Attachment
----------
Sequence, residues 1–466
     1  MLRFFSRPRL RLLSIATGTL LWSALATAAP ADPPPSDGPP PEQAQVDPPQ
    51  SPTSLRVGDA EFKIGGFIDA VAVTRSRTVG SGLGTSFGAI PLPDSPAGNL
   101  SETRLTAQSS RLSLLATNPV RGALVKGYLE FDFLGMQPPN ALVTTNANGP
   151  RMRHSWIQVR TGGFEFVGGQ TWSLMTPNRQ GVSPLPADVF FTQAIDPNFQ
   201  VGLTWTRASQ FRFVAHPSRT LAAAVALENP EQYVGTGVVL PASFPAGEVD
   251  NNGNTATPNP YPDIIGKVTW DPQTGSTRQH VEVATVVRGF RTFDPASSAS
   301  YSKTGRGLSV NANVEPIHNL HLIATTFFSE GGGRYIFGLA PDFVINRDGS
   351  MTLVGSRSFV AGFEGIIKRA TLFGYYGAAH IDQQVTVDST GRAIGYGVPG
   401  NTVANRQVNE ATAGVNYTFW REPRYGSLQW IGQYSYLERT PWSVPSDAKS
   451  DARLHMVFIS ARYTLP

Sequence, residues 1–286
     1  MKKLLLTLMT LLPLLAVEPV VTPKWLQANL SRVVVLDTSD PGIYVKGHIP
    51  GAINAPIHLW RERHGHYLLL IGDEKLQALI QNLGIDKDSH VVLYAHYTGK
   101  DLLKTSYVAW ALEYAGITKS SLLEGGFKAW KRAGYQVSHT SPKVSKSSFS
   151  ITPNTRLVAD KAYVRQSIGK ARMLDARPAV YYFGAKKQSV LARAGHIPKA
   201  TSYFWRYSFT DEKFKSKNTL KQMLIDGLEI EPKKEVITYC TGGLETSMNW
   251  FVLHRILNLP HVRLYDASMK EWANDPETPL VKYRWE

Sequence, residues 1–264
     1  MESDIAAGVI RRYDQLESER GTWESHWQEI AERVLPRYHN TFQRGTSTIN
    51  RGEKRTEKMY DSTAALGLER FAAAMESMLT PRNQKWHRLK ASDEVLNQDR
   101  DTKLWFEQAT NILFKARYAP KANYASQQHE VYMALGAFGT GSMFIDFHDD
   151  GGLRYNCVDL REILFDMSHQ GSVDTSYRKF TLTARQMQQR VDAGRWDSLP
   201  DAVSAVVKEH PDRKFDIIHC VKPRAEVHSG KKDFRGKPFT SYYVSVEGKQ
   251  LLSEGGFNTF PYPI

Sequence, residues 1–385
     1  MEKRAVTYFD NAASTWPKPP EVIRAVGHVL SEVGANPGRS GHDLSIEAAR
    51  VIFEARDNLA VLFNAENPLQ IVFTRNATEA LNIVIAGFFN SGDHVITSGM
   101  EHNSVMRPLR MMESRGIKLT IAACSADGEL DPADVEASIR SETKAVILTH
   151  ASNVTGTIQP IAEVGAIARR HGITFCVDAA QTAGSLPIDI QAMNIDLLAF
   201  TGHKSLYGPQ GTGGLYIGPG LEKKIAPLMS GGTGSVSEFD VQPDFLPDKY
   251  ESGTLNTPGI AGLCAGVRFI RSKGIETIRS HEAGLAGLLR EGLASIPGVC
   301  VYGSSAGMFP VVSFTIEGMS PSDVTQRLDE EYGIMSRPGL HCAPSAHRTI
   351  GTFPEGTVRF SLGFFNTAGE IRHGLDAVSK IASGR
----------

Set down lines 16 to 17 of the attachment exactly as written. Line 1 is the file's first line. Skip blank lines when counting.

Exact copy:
   151  ITPNTRLVAD KAYVRQSIGK ARMLDARPAV YYFGAKKQSV LARAGHIPKA
   201  TSYFWRYSFT DEKFKSKNTL KQMLIDGLEI EPKKEVITYC TGGLETSMNW